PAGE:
Should Norfolk jazz band ditch ‘Dixie’ from its name?
PUBLISHED: 13:02 29 June 2020 | UPDATED: 16:08 29 June 2020
A popular Norfolk jazz band is considering a name change amid concerns over its links to America’s southern former slave states.
The DixieMix Band said Black Lives Matter and the subsequent movement to rethink names linked to slavery had made them think about dropping ‘Dixie’ from their name.
The band, which toured with Rod Stewart in 2014, said the decision taken by American country band the Dixie Chicks to rename themselves the Chicks had prompted them to consult fans, other musicians and experts to see what they should do.
Simon Nelson, the band’s trumpet player, said they chose the name based on the style of music they played, Dixieland - a style of jazz developed in the early 20th century that could be distinguished by its use of collective improvisations.
Among the links to the word Dixie is its use as a nickname for the southern states that made up the Confederate States of America during the US Civil War era.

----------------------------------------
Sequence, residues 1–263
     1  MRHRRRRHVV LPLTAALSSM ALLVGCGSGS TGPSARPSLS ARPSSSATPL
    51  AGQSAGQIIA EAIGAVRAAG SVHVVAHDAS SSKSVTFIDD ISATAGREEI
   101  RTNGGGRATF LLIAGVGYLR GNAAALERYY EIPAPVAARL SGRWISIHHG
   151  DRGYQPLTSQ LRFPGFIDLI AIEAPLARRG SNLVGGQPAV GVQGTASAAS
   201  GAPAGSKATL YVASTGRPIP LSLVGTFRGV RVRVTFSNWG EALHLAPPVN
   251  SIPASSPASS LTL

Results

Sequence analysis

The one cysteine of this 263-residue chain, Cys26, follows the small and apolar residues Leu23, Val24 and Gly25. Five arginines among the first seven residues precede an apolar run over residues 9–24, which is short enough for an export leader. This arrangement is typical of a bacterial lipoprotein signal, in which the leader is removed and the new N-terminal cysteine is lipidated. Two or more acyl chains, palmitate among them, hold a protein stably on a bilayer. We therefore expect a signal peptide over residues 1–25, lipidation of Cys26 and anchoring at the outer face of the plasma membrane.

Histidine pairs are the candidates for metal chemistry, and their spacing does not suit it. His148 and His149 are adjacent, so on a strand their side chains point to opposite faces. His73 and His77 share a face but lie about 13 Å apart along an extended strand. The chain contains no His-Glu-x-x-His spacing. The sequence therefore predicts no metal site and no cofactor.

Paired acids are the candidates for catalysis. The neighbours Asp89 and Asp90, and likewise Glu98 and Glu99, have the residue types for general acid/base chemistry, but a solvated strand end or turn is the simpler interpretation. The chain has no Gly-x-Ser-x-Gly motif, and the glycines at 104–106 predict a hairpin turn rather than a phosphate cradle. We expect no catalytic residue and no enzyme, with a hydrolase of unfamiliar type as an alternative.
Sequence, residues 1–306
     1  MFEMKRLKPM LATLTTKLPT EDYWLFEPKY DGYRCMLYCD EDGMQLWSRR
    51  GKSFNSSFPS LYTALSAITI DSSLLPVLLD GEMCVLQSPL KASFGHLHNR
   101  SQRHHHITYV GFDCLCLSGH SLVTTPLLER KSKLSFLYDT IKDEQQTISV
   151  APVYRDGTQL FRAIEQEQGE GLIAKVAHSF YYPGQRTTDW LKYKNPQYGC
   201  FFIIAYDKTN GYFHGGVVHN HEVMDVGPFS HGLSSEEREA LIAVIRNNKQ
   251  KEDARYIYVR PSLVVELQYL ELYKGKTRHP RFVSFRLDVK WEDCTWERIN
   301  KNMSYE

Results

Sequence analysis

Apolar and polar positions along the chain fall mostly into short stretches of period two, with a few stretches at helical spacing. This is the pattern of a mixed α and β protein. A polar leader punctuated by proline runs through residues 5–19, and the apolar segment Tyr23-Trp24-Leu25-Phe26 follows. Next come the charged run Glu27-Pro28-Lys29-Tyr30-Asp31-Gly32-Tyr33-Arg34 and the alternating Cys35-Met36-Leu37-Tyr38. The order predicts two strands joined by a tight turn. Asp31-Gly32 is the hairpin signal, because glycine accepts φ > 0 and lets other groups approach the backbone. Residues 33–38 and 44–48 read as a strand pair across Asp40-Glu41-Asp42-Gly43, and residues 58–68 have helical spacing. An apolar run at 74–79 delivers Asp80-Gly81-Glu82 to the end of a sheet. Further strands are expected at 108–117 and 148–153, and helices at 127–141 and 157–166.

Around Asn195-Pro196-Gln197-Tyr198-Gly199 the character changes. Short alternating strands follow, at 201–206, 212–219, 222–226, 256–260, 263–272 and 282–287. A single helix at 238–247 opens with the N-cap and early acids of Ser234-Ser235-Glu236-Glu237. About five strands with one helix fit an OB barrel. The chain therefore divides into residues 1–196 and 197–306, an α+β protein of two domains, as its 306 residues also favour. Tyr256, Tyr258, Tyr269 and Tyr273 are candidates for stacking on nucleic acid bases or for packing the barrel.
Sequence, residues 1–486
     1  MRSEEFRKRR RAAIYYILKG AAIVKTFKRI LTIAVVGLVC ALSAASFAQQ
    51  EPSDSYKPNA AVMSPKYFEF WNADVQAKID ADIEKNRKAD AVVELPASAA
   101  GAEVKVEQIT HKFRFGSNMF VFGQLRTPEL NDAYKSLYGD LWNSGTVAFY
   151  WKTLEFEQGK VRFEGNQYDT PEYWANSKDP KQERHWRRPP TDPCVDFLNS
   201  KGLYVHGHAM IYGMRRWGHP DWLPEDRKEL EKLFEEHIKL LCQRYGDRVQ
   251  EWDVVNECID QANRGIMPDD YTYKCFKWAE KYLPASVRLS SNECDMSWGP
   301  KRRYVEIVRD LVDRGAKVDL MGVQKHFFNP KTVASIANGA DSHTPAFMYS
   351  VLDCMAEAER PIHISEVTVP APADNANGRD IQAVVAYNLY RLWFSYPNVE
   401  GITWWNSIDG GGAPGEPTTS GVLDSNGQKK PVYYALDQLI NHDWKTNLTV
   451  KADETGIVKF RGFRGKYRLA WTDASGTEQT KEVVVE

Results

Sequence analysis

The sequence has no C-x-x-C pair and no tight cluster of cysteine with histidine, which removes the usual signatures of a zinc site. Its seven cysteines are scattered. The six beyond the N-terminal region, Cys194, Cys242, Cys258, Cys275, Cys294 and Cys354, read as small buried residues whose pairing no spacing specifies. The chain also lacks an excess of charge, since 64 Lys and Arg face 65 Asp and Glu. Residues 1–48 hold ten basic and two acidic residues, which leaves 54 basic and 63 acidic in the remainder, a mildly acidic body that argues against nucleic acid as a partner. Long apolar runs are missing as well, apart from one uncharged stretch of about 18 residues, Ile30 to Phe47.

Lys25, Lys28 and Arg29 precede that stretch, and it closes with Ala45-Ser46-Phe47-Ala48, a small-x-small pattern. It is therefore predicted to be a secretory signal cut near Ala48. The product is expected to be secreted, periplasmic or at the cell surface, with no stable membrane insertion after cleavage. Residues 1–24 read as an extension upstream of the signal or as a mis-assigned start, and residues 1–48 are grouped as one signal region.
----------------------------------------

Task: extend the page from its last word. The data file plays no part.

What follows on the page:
It may also have links to Louisiana, where the music started, where French settlers were given a $10 bill to live there - with dix meaning 10 as in French, it led to the word Dixie.
The musician said they were worried about the implications of changing their name after 15 years.
Mr Nelson, from Reepham, said: “We haven’t made a decision: it is provoking a lot of thought.
“I sat down for the whole weekend researching the music that we know so well, going back right to the origin of the name. That is not clear after all these years of research. I spent all weekend talking to people about it and it did not seem any clearer.
“We have spent 15 years touring round the country in a minibus to get people to know us. To change the name would be to start it again and it’s a really difficult process.”
He added: “In our shows, we talk about the history rather than play tune after tune. We want to have a little bit of history and explain why these pieces are important.
“Jazz music was pioneering in breaking down segregation barriers with white and black musician both sharing stages and insisting on equal opportunities for members of bands and orchestra long before equality was commonplace.”
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